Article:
BMW’s iDrive interface is like cilantro — some people love it while others believe it tastes like soap. But iDrive has been curiously missing on some of the brand’s newer models, like the 2 Series Active Tourer. It figures to miss the X1 as well. If you thought that meant the polarizing puck wasn’t long for this world, think again. BMW’s just decided to be a bit more discerning with when and where it’s used.
Stefan Frick, interior designer for the brand, told British publication AutoExpress that iDrive will live on in the company’s larger vehicles — like the complicated, conflicted-looking7 Series — where the driver might struggle to reach a touchscreen:
“You have to think about the architecture of the car and the ergonomics. If the screen is not close enough it makes no sense [to remove the rotary controller], he said, adding, “In the 2 Series [Active Tourer] it’s a different architecture, and the screen is pretty close – it’s quite convenient to control with touch.”
Of course BMW makes quite a number of big vehicles these days, from its latest flagship sedan to the X7 and the forthcoming XM — which is still kind of hard to believe is actually happening. The company is so good at setting the internet on fire every time it posts a rendering that its worst design crimes barely stay in our collective memory for more than two weeks. That’s probably part of the strategy.
Like many readers, I’m an advocate for physical controls. But rotary dial-based interfaces tend to seem too cumbersome to me, mainly because they’re typically linked to scrolling lists with tons of menu items that are hard to read and interact with while piloting a vehicle at speed. Modern infotainment software contains so many capabilities and is so complex that I find a dial just isn’t versatile or intuitive enough to handle the task. In fact, I’d rather use a decent touchpad, like Acura’s, over the iDrive knob. I related that opinion to my Jalopnik coworkers yesterday and not a single person agreed with me, which led to an entertaining 20 minutes in our Slack.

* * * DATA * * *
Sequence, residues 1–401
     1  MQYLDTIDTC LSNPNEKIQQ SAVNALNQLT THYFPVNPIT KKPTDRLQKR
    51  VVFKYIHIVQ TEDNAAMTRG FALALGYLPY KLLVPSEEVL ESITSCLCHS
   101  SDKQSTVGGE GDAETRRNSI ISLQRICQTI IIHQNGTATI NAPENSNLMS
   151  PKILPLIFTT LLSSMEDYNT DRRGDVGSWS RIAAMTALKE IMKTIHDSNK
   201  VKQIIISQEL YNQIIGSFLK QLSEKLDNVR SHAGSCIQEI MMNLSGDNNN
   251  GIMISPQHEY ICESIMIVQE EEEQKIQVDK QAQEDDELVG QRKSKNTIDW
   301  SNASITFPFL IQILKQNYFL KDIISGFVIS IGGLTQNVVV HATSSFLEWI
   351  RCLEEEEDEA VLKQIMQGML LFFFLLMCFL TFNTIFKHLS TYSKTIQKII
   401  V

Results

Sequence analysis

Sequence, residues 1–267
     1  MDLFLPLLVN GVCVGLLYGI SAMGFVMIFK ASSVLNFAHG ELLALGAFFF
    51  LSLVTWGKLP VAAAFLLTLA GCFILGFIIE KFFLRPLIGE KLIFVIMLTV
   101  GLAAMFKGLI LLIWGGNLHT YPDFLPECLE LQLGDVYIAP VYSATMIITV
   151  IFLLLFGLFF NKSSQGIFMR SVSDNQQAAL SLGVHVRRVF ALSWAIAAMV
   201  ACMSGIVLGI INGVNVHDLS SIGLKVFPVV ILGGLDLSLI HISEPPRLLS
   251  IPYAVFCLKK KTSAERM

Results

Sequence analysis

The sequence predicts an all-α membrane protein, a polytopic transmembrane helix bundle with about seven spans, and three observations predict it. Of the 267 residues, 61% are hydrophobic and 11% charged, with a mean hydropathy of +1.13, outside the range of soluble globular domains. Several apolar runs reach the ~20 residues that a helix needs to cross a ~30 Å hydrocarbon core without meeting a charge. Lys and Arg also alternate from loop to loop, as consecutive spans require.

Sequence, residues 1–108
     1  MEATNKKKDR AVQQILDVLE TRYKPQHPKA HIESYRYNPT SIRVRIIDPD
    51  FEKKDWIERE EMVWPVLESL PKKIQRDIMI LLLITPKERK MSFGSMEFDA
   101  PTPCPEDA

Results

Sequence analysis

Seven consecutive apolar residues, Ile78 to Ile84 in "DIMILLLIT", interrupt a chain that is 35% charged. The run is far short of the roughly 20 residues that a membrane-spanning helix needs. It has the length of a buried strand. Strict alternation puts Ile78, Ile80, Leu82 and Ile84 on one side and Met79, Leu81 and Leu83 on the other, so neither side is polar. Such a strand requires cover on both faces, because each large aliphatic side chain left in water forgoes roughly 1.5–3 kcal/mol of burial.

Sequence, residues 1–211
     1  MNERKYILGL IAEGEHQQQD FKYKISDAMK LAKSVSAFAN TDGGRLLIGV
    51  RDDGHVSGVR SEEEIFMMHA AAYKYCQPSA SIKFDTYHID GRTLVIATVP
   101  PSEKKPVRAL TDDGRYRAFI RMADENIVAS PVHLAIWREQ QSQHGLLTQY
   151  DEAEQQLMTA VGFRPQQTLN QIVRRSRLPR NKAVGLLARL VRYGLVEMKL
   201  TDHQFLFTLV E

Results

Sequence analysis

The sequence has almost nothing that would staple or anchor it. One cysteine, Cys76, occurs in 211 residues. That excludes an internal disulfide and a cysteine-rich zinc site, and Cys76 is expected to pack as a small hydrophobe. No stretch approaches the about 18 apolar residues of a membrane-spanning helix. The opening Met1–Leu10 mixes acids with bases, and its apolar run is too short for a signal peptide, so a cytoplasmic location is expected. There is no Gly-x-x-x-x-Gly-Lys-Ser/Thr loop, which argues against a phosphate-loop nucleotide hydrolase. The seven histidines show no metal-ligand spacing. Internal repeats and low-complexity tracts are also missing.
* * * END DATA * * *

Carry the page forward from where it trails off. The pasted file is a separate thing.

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Nevertheless, touchscreens can definitely be annoying from an ergonomic perspective — especially in cars where the height and position of the display relative to the driver isn’t well planned. That’s exactly the problem in my Fiesta ST, a car that was initially built without a touchscreen. That hatch is the size of an affordable Manhattan apartment and even still, touching the panel necessitates an awkward, distant reach.
BMW’s problem is more that some of its vehicles are too big to stretch an arm across the front row without having to lean forward out of the seat. My solution to that dilemma is that the company should exclusively make reasonably sized cars; incidentally, that’s one of many reasons BMW would never hire me to make any decisions. I suppose keeping iDrive around just for the roomier members of the roster is the best compromise.